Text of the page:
You create shortcuts by opening the Shortcuts menu, and choosing which protocol you want to create a shortcut for.
The interface will now change color. For MIDI shortcuts, we went with a nice pastelly cyan.
Everything that has changed color can have a shortcut assigned to it. So find the Composition Bypass button in the top left of the interface and click on it with the mouse.
Now press the control you want to use for this. I suggest to use a button that's easy to find on your controller. Ideally you can find it without looking down. Maybe something on the corners of your controller?
Either way, press the button and voila, you've assigned your first shortcut! If the Bypass button was big enough, you could even read which shortcut was assigned to it.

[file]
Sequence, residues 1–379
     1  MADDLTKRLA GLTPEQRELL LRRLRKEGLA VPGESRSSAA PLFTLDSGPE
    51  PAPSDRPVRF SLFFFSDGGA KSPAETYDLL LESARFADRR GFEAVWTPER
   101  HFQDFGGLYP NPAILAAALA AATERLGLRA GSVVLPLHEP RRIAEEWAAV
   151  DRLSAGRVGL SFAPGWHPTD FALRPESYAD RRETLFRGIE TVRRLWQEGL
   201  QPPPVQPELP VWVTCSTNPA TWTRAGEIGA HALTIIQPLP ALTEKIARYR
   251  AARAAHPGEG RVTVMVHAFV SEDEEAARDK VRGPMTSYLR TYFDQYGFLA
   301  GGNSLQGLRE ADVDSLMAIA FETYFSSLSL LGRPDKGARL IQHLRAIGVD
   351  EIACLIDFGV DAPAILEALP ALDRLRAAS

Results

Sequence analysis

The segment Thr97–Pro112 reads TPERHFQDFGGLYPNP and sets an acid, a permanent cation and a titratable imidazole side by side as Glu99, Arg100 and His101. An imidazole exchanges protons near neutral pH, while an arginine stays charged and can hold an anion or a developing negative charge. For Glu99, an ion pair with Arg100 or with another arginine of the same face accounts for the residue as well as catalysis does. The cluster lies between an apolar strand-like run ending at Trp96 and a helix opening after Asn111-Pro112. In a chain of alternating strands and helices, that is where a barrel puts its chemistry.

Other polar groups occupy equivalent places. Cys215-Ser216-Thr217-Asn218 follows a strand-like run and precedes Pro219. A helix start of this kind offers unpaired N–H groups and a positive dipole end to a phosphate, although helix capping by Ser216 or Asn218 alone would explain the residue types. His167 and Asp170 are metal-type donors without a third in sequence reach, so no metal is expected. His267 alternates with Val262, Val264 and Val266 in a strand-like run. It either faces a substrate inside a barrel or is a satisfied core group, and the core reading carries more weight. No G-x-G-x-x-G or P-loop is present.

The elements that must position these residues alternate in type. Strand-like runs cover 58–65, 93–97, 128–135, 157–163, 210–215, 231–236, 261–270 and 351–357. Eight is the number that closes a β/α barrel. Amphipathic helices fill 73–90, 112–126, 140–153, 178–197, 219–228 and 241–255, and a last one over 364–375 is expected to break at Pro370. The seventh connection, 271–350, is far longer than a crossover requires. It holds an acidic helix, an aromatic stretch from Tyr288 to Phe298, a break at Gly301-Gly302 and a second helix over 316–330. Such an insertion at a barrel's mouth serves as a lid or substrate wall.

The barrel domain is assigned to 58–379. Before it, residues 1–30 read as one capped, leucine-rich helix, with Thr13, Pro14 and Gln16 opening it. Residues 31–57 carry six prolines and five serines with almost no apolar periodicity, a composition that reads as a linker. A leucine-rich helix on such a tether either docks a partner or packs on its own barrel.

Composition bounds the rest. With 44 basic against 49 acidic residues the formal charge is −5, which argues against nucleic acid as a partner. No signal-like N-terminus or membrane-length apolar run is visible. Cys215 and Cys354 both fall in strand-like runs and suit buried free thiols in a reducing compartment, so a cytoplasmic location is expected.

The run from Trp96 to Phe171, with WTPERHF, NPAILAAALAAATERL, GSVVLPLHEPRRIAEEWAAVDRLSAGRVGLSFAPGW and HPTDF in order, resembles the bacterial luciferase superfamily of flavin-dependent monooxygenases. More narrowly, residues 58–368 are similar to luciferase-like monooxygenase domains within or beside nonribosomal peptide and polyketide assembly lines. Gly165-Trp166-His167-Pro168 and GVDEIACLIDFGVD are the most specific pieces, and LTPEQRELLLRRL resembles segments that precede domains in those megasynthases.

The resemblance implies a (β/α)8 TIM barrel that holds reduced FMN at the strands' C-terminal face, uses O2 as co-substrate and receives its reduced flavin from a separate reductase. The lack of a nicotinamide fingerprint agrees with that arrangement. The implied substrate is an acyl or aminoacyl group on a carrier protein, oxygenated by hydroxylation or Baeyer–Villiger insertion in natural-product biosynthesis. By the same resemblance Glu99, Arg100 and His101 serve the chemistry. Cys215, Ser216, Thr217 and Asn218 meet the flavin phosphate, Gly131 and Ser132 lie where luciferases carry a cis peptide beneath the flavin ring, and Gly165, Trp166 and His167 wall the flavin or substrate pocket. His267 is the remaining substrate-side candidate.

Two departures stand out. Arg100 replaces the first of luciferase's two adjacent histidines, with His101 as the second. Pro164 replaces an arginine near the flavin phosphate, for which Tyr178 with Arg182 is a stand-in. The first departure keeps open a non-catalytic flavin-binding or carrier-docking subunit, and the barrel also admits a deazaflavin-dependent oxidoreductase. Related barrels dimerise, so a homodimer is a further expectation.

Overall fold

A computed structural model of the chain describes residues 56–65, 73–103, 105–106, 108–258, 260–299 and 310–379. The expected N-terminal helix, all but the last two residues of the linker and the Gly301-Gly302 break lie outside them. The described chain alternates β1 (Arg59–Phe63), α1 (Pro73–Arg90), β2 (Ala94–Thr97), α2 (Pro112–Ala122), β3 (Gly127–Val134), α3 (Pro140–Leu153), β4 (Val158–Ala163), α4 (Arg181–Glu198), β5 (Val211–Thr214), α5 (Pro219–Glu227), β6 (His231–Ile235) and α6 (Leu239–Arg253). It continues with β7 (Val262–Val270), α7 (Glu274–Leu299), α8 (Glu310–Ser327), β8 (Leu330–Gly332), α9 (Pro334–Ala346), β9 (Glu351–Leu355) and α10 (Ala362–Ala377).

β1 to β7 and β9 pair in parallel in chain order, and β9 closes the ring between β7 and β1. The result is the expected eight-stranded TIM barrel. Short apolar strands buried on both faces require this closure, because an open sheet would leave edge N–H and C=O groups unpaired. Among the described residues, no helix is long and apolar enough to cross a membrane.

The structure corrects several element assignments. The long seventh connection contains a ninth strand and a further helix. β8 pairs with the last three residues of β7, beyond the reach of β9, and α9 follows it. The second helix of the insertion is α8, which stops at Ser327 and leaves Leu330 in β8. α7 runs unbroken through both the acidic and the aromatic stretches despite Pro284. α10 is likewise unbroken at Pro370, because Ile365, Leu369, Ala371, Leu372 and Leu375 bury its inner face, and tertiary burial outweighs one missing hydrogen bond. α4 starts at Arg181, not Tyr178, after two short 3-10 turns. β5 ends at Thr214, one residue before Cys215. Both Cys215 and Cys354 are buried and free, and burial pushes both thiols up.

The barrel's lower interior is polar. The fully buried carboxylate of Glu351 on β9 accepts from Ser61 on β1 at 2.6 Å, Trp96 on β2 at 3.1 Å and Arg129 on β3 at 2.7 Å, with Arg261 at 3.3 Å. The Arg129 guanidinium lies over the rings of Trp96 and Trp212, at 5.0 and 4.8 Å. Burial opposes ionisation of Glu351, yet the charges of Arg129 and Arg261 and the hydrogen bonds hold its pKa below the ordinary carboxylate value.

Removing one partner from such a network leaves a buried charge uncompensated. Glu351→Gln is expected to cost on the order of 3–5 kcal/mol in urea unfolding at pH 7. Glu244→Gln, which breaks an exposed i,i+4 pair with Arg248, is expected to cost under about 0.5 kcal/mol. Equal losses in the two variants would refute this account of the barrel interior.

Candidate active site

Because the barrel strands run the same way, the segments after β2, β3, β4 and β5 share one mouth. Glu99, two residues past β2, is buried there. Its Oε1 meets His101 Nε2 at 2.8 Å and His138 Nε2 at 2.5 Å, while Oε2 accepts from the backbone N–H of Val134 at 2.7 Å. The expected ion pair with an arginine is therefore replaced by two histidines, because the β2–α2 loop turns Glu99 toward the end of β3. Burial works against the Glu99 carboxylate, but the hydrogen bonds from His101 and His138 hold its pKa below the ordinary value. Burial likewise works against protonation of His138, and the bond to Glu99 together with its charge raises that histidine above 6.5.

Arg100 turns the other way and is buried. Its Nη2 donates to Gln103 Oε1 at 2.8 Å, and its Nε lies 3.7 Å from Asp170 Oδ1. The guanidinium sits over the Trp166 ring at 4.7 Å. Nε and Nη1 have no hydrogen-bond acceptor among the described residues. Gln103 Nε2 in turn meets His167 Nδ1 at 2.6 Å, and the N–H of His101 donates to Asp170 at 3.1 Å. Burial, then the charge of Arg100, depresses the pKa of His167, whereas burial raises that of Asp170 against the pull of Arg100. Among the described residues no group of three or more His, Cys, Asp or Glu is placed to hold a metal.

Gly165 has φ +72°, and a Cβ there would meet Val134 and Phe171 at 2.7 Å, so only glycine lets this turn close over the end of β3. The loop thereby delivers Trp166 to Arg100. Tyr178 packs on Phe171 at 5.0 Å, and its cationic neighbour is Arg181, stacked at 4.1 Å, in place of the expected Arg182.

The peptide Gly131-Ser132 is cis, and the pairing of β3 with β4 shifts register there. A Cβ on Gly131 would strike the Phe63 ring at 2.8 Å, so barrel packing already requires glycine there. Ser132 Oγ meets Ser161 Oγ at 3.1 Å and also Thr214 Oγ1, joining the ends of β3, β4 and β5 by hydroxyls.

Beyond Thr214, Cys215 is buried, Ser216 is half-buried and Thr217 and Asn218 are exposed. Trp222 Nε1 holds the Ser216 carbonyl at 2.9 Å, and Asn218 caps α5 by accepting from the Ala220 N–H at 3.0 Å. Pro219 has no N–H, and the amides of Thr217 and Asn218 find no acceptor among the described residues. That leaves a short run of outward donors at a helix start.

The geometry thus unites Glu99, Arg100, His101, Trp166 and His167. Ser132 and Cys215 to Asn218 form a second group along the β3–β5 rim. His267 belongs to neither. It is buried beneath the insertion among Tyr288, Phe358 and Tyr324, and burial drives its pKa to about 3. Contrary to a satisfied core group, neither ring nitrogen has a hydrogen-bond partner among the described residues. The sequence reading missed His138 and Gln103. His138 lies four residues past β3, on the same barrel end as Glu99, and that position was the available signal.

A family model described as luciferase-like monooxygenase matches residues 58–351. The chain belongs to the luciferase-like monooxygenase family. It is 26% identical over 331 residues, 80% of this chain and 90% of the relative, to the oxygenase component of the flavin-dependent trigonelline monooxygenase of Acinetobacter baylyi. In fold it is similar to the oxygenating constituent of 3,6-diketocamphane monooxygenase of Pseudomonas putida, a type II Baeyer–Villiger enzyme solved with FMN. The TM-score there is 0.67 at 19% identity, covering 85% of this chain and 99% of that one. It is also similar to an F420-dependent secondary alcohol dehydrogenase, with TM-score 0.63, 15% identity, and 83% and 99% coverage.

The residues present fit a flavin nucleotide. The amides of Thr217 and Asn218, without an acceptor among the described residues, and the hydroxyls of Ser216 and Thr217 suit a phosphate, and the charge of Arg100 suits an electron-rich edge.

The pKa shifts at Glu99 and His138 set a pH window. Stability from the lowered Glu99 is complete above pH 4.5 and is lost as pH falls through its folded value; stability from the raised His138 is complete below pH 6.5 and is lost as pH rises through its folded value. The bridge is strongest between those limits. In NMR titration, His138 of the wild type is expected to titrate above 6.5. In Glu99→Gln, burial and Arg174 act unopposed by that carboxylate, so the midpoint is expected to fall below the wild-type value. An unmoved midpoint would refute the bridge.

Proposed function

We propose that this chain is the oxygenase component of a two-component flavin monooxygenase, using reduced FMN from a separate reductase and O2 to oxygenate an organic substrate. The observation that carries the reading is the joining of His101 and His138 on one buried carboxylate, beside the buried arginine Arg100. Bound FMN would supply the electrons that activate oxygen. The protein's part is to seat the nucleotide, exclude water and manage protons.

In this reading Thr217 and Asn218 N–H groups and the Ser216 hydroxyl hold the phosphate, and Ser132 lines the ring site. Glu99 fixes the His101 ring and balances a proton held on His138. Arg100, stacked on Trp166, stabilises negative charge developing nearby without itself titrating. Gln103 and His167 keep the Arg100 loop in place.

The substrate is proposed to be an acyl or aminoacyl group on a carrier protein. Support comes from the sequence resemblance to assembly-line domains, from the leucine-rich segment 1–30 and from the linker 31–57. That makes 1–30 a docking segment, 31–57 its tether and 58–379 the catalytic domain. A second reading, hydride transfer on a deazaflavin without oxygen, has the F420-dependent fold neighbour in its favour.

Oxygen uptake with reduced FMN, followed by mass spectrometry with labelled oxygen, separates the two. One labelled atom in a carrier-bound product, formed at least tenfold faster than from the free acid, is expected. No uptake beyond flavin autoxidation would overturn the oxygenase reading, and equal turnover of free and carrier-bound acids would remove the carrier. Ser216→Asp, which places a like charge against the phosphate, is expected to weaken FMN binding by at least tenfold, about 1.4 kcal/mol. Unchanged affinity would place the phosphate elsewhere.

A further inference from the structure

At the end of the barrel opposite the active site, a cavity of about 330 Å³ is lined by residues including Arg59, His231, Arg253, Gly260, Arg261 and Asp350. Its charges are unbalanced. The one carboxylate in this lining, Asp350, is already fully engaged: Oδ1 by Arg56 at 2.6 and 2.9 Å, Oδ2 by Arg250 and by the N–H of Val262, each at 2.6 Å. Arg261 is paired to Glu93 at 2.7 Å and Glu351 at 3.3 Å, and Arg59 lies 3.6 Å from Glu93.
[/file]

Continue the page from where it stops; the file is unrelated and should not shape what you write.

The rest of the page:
Press the Escape key to exit the Shortcut mode, and you can now bash your shortcut to toggle the Composition Bypass on and off. On and off. On and off. On and off. Okay. Stop. That's enough.
Let's dig a little deeper. Go back into Shortcut mode, and select the Composition Bypass again. In the bottom right of the interface, you'll see the Shortcuts tab. This tab is only visible while you're in Shortcuts mode. In this tab, you can see all your shortcuts in a handy list.
You can also choose different options for your selected control.
You'll see a bunch of stuff about Channels, Notes and Midi Output. We can worry about that later.
Right now, we're only interested in one option, namely "Piano". All buttons in Resolume can be set to Piano mode, which means that they will be on for as long as you hold the key or button down, and turn off when you release it again.
"But Resolume, that's not how a piano works at all!" Yes, you're right. Piano is easy to remember and reminds you that you're playing an instrument. If you prefer, you can call this option Momentary or Flash or whatever floats your boat.